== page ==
A preventable disaster

17 September 2020 | Posted In: #136 Spring 2020, Public Housing,

The Victorian government’s response to the COVID outbreak in the Melbourne public housing towers received much criticism. Here, FRED FUENTES explains how the debacle was allowed to happen.

The rapidness with which COVID-19 can spread and its deadly consequences, especially for the elderly, have been some of its most worrying characteristics. Unsurprisingly, housing areas with people living in cramped conditions — sometimes with three generations under the same roof — have provided fertile grounds for contagion and death. That is why, as the number of positive cases grew in the Melbourne towers, health officials called for urgent action to stop the spread. Yet, despite being an entirely foreseeable scenario, government authorities not only did not prepare for it, but actively contributed to the disaster.

While politicians and the media have sought to pin the blame on the migrant background of many tower residents, responsibility for the outbreak lies with government authorities. The two main causes of the renewed COVID-19 spike in Melbourne were the state government’s farcical handling of hotel quarantining of returned travellers and the federal government’s failure to implement essential workplace safety measures
to stop new outbreaks.

As case numbers rose, government authorities — at a federal, state and local level — refused to implement measures residents were calling for to help prevent the further spread of COVID-19, and failed to develop any plans for dealing with a potential outbreak. This government complacency, rooted in its long-term policy of neglect towards the largely migrant communities who live in the towers, was the real cause of the disaster. The Victorian government sought to deal with the outbreak by sending hundreds of police officers into the towers with no immediate plan beyond forcibly imprisoning residents, including the sick, inside their homes.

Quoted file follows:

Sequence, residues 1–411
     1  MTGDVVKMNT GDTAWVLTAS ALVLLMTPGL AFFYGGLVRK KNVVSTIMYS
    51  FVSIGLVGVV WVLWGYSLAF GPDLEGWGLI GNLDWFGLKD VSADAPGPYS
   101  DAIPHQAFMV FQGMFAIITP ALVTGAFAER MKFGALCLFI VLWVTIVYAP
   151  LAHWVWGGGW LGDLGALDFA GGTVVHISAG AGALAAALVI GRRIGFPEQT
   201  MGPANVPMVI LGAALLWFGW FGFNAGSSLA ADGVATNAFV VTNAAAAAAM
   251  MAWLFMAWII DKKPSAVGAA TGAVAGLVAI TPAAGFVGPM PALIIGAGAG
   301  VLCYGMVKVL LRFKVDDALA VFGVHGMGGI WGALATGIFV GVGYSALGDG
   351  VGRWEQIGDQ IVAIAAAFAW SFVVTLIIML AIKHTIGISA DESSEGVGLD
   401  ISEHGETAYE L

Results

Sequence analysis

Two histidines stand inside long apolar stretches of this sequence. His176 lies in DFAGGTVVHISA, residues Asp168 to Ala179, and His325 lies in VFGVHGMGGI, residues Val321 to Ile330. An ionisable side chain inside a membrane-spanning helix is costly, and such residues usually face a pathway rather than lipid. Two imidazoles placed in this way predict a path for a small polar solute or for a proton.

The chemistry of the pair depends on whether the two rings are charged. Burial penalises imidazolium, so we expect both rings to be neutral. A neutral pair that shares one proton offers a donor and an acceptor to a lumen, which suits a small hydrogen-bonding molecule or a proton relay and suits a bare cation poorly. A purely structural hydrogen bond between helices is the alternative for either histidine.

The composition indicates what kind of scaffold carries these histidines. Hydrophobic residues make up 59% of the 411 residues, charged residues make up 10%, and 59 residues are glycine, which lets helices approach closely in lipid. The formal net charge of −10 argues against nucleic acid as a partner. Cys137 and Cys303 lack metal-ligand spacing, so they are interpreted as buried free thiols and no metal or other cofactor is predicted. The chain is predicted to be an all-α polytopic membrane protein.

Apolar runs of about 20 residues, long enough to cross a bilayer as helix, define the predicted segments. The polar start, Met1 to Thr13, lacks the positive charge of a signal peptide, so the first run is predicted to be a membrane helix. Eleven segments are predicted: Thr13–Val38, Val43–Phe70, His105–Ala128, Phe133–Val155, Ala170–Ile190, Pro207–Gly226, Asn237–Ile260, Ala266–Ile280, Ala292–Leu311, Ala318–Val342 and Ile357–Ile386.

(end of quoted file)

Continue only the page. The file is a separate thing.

A nightmarish scenario was made worse by the fact it took hours and, in some cases, days for residents to obtain
information about the testing plan and receive food, medicines and other support services. In one instance, a
mother was prevented from leaving her unit to see her newborn in hospital. All this only undermined trust in the process and the authorities responsible for its implementation, precisely when it was most needed.

Victorian premier Daniel Andrews repeatedly said there was no handbook for dealing with such outbreaks. But given the wealth of available local and international experience in containing and suppressing the COVID-19
pandemic, the outbreak in the towers could have been avoided — and certainly should never have ended up being handled as it was.

The Melbourne towers’ debacle has confirmed that health authorities and the community are best placed to decide how, and if, police resources are required. Where their involvement is deemed necessary, police officers must be disarmed. It has also highlighted the inadequacy of existing public housing stock in Australia, as well as the public health problems associated with high-density living. (See page 34.)

Courtesy of Green Left

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